Craig Callender and Jonathan Schaffer

Craig Callender (left) and Jonathan Schaffer (right) on meta-metaphysics.

Do mereological sums constitute objects? Questions like this are hotly debated in contemporary metaphysics — yet such questions seem utterly disconnected from science. Has metaphysics gone in the wrong direction? Callender and Schaffer explore the issue.

Related works

by Callender:
Philosophy of Science and Metaphysics” (forthcoming)
Time’s Ontic Voltage” (draft)

by Schaffer:
On What Grounds What” (2009)
Monism: The Priority of the Whole” (2010)

More video:
Craig Callender’s diavlogs (BhTV)

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CORRECTION: An earlier version of this post inaccurately described Schaffer’s position. We apologize for the error.


Filed under meta-metaphysics, Metaphysics, Methodology

4 Responses to Craig Callender and Jonathan Schaffer

  1. Marco P. Camacho

    In the case of mereology, I agree with Mr. Schaffer that there is a substantive debate going on there. Substantive how is a different question entirely, I think. Substantive in that the right viewpoint posited will yield an upshot for scientific inquiry is a tall claim, which is why I’m sympathetic with Mr. Callender hesitation.

    I would have loved to see Schaffer defend his position on the idea of a fundamental in metaphysics. Keep the metaphysics coming!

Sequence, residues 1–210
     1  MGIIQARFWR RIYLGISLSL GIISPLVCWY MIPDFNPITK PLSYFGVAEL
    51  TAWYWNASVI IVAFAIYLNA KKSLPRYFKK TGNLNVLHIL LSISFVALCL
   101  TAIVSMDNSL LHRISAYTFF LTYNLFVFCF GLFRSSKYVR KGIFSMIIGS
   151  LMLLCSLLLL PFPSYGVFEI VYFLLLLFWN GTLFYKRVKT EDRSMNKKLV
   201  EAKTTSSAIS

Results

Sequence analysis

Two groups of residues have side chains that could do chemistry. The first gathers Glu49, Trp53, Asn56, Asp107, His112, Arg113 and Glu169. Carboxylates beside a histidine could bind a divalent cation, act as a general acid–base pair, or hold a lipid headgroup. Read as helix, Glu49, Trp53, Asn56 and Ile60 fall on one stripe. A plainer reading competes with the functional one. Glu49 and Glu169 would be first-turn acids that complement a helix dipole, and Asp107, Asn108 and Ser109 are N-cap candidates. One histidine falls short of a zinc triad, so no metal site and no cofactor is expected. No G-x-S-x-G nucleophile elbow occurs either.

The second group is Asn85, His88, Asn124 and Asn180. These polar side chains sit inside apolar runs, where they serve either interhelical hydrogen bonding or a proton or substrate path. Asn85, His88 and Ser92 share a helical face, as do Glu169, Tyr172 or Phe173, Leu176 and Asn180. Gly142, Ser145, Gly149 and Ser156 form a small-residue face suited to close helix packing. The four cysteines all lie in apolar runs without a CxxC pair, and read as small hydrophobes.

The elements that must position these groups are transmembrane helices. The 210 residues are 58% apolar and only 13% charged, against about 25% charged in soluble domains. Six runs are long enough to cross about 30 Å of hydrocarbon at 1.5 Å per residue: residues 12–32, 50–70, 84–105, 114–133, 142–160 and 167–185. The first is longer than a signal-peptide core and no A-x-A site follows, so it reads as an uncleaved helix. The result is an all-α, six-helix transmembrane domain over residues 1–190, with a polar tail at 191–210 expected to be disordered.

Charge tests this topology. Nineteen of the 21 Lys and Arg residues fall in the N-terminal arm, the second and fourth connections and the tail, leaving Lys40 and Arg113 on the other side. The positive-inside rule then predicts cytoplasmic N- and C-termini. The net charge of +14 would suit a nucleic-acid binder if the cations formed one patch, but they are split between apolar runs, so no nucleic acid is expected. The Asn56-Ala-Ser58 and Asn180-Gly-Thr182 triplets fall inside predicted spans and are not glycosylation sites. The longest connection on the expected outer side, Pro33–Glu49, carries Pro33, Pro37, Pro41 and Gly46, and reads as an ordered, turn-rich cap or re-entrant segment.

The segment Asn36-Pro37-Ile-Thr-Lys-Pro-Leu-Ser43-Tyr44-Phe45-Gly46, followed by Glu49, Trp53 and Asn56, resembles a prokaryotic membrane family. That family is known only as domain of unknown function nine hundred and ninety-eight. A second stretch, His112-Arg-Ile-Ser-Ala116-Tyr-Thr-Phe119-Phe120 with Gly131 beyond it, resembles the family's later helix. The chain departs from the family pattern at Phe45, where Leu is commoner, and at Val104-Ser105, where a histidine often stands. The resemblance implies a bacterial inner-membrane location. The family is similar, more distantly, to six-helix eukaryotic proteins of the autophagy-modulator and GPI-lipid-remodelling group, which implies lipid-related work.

2. Marco P. Camacho

    Pardon the misspellings!

  3. I’m also with Mr. Schaffer on this one. But that might be because I share most of his views (perdurantism, the existence of mereological sums, the existence of the mereological universe).

    I actually go so far as to accept Unrestricted Composition. Mostly I just see this as the best and most consistent way to represent reality (I don’t have to explain why some things form mereological sums and others don’t). However, contrary to Schaffer, I don’t see how any of this can be tested empirically.

  4. I see metaphysics as providing the structure of our model of reality, and parthood seems to be to be a fundamental relation of this structure. Once we have this structure of the whole model, perhaps divided into spatial parts, temporal parts, possible world-like parts, etc., then we use empirical science to fill in the details about these parts, such as their observable properties or the causal relations between them.